in China. When start-ups and small- and medium-size region. Each consortium consists of 10 to 12 companies
businesses are responsible for creating up to two out of three that meet monthly for a 14-month cycle in a rotating fashion
new jobs, its perhaps no surprise that governments are at one anothers businesses to engage in peer learning. The
trying to figure out how to support and develop the skills of process is designed to help share applied problem-solving
entrepreneurs. In Shanghai, investment in training and access techniques and to allow sharing of innovative techniques
to capital and tax benefits is substantial, so the government across participating companies. CME Manitoba provides the
wanted a tool to maximize its return on investment. Building facilitator for these meetings, and tracks progress and lessons
on its candidate selection expertise, ManpowerGroup has learned over the consortias involvement. These consortia
created a unique New Business Starters (NBS) assessment formed around themes such as lean production, sustainability
for entrepreneurial skills and aptitudesto identify relevant and operational excellence to provide hands-on problem-
cognitive skills, personality traits and life experiences that solving experience that is shared among firms, as well as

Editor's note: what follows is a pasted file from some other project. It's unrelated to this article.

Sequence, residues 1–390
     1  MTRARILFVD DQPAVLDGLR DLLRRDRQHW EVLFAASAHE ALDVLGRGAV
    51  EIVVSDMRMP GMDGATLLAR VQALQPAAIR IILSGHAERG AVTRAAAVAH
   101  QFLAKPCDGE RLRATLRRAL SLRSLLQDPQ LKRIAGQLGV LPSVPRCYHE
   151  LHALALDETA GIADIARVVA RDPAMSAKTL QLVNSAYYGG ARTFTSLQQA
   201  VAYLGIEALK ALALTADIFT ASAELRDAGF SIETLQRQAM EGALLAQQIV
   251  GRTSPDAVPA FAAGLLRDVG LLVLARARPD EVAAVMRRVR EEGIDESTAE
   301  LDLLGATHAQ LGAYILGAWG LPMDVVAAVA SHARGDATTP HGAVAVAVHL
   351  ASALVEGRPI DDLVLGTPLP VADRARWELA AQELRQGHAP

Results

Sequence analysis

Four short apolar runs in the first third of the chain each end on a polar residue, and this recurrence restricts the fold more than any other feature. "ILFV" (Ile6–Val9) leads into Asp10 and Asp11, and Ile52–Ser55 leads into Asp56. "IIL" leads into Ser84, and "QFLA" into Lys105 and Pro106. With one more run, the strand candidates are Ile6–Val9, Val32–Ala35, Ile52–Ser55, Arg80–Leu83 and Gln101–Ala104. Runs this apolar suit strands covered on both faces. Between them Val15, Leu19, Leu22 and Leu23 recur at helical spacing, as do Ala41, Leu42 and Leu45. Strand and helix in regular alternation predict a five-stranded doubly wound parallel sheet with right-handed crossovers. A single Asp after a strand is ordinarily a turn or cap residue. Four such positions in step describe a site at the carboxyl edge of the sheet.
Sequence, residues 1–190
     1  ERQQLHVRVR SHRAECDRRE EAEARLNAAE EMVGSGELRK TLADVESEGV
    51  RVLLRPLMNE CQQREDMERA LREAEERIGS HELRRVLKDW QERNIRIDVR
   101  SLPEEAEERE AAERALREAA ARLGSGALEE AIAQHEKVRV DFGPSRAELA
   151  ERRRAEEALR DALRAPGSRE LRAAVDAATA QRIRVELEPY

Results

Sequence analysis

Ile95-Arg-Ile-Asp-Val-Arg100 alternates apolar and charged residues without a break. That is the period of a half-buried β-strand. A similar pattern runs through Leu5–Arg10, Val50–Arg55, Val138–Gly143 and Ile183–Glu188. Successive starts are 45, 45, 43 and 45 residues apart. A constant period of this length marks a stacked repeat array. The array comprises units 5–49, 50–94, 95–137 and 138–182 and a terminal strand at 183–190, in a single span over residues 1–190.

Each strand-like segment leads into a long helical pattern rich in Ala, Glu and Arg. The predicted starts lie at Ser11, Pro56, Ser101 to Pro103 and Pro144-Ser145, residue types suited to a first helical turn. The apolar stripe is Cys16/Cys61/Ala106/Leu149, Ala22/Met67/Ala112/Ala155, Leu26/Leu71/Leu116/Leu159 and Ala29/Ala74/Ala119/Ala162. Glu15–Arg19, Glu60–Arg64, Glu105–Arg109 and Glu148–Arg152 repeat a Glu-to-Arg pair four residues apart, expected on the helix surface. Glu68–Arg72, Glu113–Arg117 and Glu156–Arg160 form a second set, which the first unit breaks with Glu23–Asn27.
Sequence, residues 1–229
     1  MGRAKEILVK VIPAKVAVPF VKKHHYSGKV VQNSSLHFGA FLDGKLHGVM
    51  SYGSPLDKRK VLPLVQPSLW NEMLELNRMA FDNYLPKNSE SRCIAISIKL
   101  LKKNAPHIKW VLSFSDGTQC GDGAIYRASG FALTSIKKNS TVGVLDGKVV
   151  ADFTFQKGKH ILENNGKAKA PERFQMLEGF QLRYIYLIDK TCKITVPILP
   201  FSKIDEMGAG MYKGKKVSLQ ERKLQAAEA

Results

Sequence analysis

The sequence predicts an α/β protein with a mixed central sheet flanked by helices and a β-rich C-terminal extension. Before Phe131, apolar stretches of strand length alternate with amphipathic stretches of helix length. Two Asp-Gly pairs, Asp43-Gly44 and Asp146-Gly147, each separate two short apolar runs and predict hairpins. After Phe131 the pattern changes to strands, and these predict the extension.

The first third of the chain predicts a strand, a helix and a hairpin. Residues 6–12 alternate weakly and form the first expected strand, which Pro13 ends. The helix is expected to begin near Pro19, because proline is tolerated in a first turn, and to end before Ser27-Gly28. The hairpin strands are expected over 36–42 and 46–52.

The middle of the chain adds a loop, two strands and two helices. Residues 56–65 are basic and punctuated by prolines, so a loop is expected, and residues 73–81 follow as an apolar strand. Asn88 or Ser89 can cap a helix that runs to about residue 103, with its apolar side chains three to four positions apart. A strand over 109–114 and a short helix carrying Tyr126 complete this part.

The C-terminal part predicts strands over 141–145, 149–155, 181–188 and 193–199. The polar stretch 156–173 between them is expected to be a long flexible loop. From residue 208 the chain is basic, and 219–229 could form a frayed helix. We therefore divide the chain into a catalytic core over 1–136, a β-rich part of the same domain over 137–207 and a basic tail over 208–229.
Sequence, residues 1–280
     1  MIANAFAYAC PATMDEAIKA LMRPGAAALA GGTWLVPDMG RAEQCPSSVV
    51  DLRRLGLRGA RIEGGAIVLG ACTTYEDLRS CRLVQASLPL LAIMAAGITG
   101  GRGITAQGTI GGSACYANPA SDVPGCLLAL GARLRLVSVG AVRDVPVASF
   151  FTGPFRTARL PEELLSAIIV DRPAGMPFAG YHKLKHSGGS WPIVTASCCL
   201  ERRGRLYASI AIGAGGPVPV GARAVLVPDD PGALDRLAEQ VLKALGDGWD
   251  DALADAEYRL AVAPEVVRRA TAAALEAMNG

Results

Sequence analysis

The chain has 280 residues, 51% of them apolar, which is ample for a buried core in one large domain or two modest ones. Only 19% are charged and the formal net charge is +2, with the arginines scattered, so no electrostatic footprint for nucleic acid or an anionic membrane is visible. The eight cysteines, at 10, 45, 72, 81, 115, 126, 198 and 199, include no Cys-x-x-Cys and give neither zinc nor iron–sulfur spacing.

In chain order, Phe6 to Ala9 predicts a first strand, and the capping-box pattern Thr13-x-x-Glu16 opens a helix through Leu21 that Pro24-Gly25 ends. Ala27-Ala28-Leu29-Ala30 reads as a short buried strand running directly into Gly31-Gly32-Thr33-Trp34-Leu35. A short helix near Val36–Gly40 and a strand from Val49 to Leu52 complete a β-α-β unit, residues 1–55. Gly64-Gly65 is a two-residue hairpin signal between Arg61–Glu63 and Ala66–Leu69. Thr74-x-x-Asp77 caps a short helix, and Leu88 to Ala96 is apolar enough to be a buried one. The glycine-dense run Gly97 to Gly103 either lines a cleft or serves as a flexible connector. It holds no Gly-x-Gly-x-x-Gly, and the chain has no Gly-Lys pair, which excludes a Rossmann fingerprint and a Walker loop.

accurately select individuals with the highest potential to providing access to and organizing external ad hoc training
succeed. To date, over 225,000 candidates have been when relevant. Participating companies have noted the benefits
assessed, some fresh to the labour market and others taking associated with learning from other company practices, while
a new career direction, all benefitting from upskilling advice being able to adapt them to their specific contexts and needs.
and training. Early results indicate that high scorers are two to
three times more likely to succeed as new business starters Beyond Age: Working to empower, educate and equip
and will be well placed to be the job creators of tomorrow. managers with the tools to thrive with senior workers
Beyond Age is a Singapore-based consulting company
Training IT skills in India. When 40% of employers globally whose mission is to shift perceptions about chronological age
report talent shortages, the rapid development of in-demand and to promote focusing on and honing the strengths and